• Dysmenorrhoea, primary
  • Epigastralgia, acute (in peptic ulcer, acute and chronic gastritis, and gastrospasm)
  • Facial pain (including craniomandibular disorders)
  • Headache
  • Hypertension, essential
  • Hypotension, primary
  • Induction of labour
  • Knee pain
  • Leukopenia
  • Low back pain
  • Malposition of fetus, correction of
  • Morning sickness
  • Nausea and vomiting
  • Neck pain
  • Pain in dentistry (including dental pain and temporomandibular dysfunction)
  • Periarthritis of shoulder
  • Postoperative pain
  • Renal colic
  • Rheumatoid arthritis
  • Sciatica
  • Sprain
  • Stroke
  • Tennis elbow

Diseases, symptoms or conditions for which The World Health Organisation recommends acupuncture because its therapeutic effect has been shown, although further proof is needed:

  • Abdominal pain (in acute gastroenteritis or due to gastrointestinal spasm)
  • Acne vulgaris
  • Alcohol dependence and detoxification
  • Bell’s palsy
  • Bronchial asthma
  • Cancer pain
  • Cardiac neurosis
  • Cholecystitis, chronic, with acute exacerbation
  • Cholelithiasis
  • Competition stress syndrome
  • Craniocerebral injury, closed
  • Diabetes mellitus, non-insulin-dependent
  • Earache
  • Epidemic haemorrhagic fever
  • Epistaxis, simple (without generalised or local disease)
  • Eye pain due to subconjunctival injection
  • Female infertility
  • Facial spasm
  • Female urethral syndrome
  • Fibromyalgia and fasciitis
  • Gastrokinetic disturbance
  • Gouty arthritis
  • Hepatitis B virus carrier status
  • Herpes zoster (human (alpha) herpes virus 3)
  • Hyperlipaemia
  • Hypo-ovarianism
  • Insomnia
  • Labour pain
  • Lactation, deficiency
  • Male sexual dysfunction, non-organic
  • Ménière disease
  • Neuralgia, post-herpetic
  • Neurodermatitis
  • Obesity
  • Opium, cocaine and heroin dependence
  • Osteoarthritis
  • Pain due to endoscopic examination
  • Pain in thromboangiitis obliterans
  • Polycystic ovary syndrome (Stein–Leventhal syndrome)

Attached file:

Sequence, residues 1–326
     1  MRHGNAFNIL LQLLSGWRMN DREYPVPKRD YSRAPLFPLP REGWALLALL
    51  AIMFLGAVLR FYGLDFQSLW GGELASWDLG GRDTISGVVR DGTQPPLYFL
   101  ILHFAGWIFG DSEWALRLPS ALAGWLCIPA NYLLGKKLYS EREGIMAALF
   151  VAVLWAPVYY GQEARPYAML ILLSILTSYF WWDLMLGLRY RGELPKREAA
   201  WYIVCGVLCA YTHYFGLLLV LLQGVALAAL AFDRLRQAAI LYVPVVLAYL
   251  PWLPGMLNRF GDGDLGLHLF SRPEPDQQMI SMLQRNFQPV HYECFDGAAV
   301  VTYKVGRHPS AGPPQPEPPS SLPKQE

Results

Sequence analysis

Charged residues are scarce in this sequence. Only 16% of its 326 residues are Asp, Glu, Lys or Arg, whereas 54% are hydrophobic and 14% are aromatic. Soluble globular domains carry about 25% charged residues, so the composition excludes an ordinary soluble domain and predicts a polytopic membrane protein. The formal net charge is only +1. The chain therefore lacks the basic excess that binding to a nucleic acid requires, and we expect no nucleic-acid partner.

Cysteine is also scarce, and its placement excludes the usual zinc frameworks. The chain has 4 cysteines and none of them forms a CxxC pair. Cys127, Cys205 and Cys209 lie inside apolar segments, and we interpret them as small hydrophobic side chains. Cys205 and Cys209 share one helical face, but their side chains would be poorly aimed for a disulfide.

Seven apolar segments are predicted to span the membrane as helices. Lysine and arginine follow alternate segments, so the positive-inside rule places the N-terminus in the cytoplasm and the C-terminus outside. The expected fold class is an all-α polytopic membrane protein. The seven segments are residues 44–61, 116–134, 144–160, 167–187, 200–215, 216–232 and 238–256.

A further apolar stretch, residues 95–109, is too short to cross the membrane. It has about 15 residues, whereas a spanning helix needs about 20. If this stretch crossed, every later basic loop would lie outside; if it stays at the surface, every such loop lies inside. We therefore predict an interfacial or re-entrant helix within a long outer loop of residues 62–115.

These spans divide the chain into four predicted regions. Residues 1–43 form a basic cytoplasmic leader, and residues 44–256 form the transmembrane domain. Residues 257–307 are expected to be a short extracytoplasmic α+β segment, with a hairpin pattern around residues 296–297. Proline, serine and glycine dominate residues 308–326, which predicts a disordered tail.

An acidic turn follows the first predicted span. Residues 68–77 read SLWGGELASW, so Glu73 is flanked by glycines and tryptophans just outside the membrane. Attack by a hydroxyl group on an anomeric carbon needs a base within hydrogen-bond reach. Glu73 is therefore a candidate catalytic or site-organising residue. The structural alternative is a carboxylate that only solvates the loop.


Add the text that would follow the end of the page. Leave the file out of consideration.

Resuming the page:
• Postextubation in children
  • Postoperative convalescence
  • Premenstrual syndrome
  • Prostatitis, chronic
  • Pruritus
  • Radicular and pseudoradicular pain syndrome
  • Raynaud syndrome, primary
  • Recurrent lower urinary-tract infection
  • Reflex sympathetic dystrophy
  • Retention of urine, traumatic
  • Schizophrenia
  • Sialism, drug-induced
  • Sjögren syndrome
  • Sore throat (including tonsillitis)
  • Spine pain, acute
  • Stiff neck
  • Temporomandibular joint dysfunction
  • Tietze syndrome
  • Tobacco dependence
  • Tourette syndrome
  • Ulcerative colitis, chronic
  • Urolithiasis
  • Vascular dementia
  • Whooping cough (pertussis)

Diseases, symptoms or conditions for which only individual controlled trials report some therapeutic effects.  The World Health Organisation recommends acupuncture for these when treatment by conventional and other therapies is difficult:

  • Chloasma
  • Choroidopathy, central serous
  • Colour blindness
  • Deafness
  • Hypophrenia
  • Irritable colon syndrome
  • Neuropathic bladder due to spinal cord injury
  • Pulmonary heart disease, chronic
  • Small airway obstruction

 

By |2017-08-31T19:51:43+00:00August 29th, 2017|Acupuncture, Awareness, Medical Conditions, Public Health, Research|0 Comments